The Cato Journal

The Cato Journal is a leading free-market public policy journal. The Cato Journal features articles discussing politics and the economy of interest to scholars and professionals but accessible to a general audience as well.

Articles from Vol. 31, No. 3, Fall

A Dangerous Brew for Monetary Policy
It is a pleasure to join you at Cato's 28th Annual Monetary Conference. In preparing today's remark, I noted that this year's topic of how monetary policy should deal with asset prices was also discussed here in 2008. The speakers at that time expressed...
A Gold Standard with Free Banking Would Have Restrained the Boom and Bust
President George W. Bush famously remarked in July 2008 that during the housing boom "Wall Street got drunk ... and now it has a hangover." It was the Federal Reserve that spiked the punchbowl. The Fed sowed the seeds for the bust of 2007-08 by overexpanding...
America Identified: Biometric Technology and Society
America Identified: Biometric Technology and Society Lisa S. Nelson Cambridge, Mass.: MIT Press, 2010, 266 pp. Lisa Nelson's America Identified: Biometric Technology and Society is a slow and careful examination of a formidably broad landscape---at...
Editor's Note
The articles in this issue of the Cato Journal addressing Asset Bubbles and Monetary Policy were first presented at the Cato Institute's 2Sth Annual Monetary Conference, November 18, 2010. I thank the authors for their cooperation in bringing this...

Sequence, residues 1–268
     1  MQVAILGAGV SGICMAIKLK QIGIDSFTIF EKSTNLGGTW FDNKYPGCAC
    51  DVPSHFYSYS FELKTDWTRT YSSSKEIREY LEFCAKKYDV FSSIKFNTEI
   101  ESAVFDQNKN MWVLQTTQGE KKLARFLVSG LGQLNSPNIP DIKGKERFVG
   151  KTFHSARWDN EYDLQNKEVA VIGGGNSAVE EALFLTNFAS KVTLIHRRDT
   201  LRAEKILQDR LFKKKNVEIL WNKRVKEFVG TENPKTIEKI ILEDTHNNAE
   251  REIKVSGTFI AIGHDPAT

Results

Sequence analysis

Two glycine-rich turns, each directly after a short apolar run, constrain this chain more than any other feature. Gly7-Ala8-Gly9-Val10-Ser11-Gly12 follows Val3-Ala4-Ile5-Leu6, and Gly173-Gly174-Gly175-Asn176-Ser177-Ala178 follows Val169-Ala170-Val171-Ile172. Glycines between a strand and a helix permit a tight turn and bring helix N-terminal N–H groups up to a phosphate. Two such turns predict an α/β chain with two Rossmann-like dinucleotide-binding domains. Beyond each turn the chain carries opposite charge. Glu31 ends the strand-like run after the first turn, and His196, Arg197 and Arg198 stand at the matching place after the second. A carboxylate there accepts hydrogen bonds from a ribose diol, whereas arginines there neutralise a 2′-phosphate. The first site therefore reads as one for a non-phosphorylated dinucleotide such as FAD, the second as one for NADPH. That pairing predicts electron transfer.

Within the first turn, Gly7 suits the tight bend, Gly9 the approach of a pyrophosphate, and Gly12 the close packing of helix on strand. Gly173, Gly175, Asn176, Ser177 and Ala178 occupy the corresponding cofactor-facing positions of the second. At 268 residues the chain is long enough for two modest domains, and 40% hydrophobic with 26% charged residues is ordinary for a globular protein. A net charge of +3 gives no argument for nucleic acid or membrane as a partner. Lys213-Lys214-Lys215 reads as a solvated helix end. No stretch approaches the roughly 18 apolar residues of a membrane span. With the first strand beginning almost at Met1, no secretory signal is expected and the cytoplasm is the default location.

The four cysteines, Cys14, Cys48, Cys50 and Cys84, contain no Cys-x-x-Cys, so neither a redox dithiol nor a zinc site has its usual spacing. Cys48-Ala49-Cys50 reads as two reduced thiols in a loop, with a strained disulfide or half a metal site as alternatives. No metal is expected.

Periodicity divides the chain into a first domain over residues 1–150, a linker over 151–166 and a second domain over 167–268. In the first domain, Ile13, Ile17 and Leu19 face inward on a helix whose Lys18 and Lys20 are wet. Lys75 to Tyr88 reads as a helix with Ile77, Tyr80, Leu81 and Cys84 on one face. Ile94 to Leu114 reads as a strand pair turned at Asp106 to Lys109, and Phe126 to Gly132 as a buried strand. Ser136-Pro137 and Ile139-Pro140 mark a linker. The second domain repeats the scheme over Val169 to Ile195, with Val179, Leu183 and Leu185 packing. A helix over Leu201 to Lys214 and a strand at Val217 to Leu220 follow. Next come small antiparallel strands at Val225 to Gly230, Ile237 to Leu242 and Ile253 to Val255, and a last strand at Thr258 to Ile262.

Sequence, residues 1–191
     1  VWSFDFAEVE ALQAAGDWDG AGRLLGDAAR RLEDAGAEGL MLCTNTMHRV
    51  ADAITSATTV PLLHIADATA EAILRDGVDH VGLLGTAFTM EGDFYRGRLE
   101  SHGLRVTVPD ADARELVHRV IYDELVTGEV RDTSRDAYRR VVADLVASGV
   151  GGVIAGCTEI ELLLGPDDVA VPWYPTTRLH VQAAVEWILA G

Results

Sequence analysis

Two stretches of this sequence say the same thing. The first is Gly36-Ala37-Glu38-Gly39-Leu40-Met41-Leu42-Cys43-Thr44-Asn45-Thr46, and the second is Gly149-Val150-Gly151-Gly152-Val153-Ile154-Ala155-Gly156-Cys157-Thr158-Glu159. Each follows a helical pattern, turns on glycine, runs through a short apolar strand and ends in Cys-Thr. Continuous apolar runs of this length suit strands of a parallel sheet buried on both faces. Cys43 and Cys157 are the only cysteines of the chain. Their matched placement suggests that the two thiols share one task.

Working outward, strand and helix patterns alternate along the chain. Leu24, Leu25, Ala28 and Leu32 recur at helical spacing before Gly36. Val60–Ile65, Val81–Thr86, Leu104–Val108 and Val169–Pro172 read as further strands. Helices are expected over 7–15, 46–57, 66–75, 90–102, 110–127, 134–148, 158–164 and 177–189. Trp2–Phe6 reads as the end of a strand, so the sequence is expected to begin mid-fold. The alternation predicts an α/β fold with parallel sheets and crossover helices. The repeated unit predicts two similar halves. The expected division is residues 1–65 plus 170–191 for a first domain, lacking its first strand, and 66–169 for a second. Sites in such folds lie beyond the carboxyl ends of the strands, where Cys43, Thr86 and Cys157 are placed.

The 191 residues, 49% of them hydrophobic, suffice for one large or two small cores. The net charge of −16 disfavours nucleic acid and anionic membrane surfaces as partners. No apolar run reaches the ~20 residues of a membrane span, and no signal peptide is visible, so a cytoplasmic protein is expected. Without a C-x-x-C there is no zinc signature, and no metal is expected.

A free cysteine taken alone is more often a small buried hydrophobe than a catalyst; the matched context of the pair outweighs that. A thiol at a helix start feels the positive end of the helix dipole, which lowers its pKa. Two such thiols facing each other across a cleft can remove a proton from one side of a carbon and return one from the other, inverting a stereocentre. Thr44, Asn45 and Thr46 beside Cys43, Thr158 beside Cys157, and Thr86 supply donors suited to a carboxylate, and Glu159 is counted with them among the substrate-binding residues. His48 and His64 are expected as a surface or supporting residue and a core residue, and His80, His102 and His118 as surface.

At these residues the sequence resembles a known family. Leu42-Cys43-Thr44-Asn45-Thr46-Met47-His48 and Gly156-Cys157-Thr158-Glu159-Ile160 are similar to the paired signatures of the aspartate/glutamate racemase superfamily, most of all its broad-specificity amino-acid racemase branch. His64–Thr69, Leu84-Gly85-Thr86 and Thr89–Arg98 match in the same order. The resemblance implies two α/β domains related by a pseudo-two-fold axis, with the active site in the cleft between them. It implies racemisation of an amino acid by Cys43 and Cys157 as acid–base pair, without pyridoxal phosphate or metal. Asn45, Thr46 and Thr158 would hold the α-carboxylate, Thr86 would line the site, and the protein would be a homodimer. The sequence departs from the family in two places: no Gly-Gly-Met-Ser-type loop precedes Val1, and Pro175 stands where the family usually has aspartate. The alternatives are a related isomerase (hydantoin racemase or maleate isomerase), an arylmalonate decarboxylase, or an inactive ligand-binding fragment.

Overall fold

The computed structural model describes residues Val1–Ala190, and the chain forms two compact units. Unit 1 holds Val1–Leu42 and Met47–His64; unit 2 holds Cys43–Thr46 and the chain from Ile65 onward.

Financial Crises: Prevention, Correction, and Monetary Policy
The financial crisis that surfaced in 2007 has stressed the need to identify the ultimate sources of the incentives that were behind the preceding credit and housing bubbles. To lower the likelihood of future financial collapses, prudent economic policies...
Friedman and Samuelson on the Business Cycle
Chicago School economists have come in for criticism since the financial crisis and so-called Great Recession began in 2007. Commentators have blamed recent problems on a laissez-faire faith in the efficacy of markets and simple rules for business-cycle...
Honest Money
This article addresses some of the recent proposals for the conduct of monetary policies in the post-bubble environment. Advocacy of higher inflation targets is analyzed, and the challenge of maintaining monetary discipline in the face of massive fiscal...
Incentive-Robust Financial Reform
"Will Rogers, commenting on the Depression, famously quipped: "If stupidity got us into this mess, why can't it get us out?" Rogers's rhetorical question has an obvious answer: persistent stupidity fails to recognize prior errors and, therefore, does...
Legislating a Rule for Monetary Policy
In these remarks I discuss a proposal to legislate a rule for monetary policy. The proposal modernizes laws first passed in the late 1970s, but largely discarded in 2000. A number of years ago I proposed a simple rule as a guideline for monetary...
Limits of Monetary Policy in Theory and Practice
The Federal Reserve's conduct of monetary policy casts a spell over market participants, commentators, and academics. The pages of financial newspapers parse subtle differences among the comments of Fed officials and delve deeply into potentially multiple...
Milton Friedman's 1971 Feasibility Paper
The story is fairly well known. In 1971, as chairman of the Chicago Mercantile Exchange, I had an idea: a futures market in foreign currency, It may sound so obvious today, but at the time the idea was revolutionary. I was acutely aware that futures...
Monetary Misjudgments and Malfeasance